Microsoft is releasing an off-cycle patch Tuesday for the .ANI vulnerability that saw an escalating number of threats appearing over the weekend. F-Secure noted that the first worm using the exploit was discovered roaming the Internet on Sunday. "This vulnerability is really tempting for the bad guys. It's easy to modify the exploit, and it can be launched via Web or e-mail fairly easily," said Mikko Hypponen, chief research officer at F-Secure. Websense Security Labs reported that researchers there now are monitoring more than 100 Web sites that are spreading the .ANI zero-day exploit. "Currently, the majority of the attacks appear to be downloading and installing generic password-stealing code. Most sites are hosted in China. Interestingly, the most popular domain space being used is .com," Websense reported on its blog.
The .ANI vulnerability lies in the way Windows handles malformed animated cursor files and could enable a hacker to remotely take control of an infected system. The bug affects all the recent Windows releases and Internet Explorer is the main attack vector for the exploits. "In order for this attack to be carried out, a user must either visit a Web site that contains a Web page that is used to exploit the vulnerability, view a specially crafted e-mail message, or open a specially crafted e-mail attachment sent to them by an attacker," Adrian Stone, a Microsoft researcher, wrote in a blog. The Internet Storm Center is advising users that unofficial patches that are currently available should be removed when Microsoft releases its own patch.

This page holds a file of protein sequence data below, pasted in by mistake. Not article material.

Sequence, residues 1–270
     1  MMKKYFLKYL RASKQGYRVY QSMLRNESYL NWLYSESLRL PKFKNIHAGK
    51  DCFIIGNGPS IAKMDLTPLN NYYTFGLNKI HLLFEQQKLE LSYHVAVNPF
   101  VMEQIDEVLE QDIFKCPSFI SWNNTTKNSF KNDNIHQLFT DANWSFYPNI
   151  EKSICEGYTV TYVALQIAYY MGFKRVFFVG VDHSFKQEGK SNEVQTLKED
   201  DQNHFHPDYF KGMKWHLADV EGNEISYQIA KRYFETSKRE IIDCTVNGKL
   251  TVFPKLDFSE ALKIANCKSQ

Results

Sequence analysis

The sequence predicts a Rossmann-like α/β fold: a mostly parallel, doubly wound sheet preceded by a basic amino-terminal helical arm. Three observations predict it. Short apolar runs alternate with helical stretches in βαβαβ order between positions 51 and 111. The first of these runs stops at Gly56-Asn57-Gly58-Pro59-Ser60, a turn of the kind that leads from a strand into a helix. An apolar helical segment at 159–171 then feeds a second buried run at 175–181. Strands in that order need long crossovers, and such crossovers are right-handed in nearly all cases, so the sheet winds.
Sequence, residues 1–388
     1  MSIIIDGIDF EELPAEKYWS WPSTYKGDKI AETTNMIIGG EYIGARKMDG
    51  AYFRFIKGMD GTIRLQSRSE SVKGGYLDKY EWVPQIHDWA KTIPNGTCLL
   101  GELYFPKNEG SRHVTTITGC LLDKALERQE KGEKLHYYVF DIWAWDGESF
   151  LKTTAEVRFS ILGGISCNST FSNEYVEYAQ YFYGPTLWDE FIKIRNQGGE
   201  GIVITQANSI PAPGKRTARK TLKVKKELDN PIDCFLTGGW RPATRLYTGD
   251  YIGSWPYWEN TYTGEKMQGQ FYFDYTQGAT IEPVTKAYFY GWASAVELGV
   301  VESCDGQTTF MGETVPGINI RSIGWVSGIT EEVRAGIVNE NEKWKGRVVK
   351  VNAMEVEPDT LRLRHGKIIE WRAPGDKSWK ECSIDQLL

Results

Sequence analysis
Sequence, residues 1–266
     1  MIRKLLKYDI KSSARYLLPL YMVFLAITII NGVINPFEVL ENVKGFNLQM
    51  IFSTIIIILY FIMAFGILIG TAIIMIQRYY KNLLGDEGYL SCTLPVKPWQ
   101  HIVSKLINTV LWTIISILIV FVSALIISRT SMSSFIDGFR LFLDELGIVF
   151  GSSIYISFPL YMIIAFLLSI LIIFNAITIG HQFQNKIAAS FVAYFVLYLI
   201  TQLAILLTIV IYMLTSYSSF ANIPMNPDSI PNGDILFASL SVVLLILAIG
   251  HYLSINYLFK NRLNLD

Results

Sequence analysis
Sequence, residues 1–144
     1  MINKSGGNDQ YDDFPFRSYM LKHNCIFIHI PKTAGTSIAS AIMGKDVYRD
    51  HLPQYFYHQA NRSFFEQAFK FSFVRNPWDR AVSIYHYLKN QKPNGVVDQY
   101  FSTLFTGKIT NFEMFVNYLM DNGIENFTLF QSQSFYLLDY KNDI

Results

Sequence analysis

"From our ongoing monitoring of the situation, we can say that over this weekend attacks against this vulnerability have increased somewhat. Additionally, we are aware of public disclosure of proof-of-concept code. In light of these points, and based on customer feedback, we have been working around the clock to test this update and are currently planning to release the security update that addresses this issue on Tuesday, April 3, 2007," Christopher Budd, security program manager at Microsoft's Security Response Center, wrote in a blog Sunday. Budd noted that a delay is still possible if an issue is found at the last minute.
News source: InformationWeek
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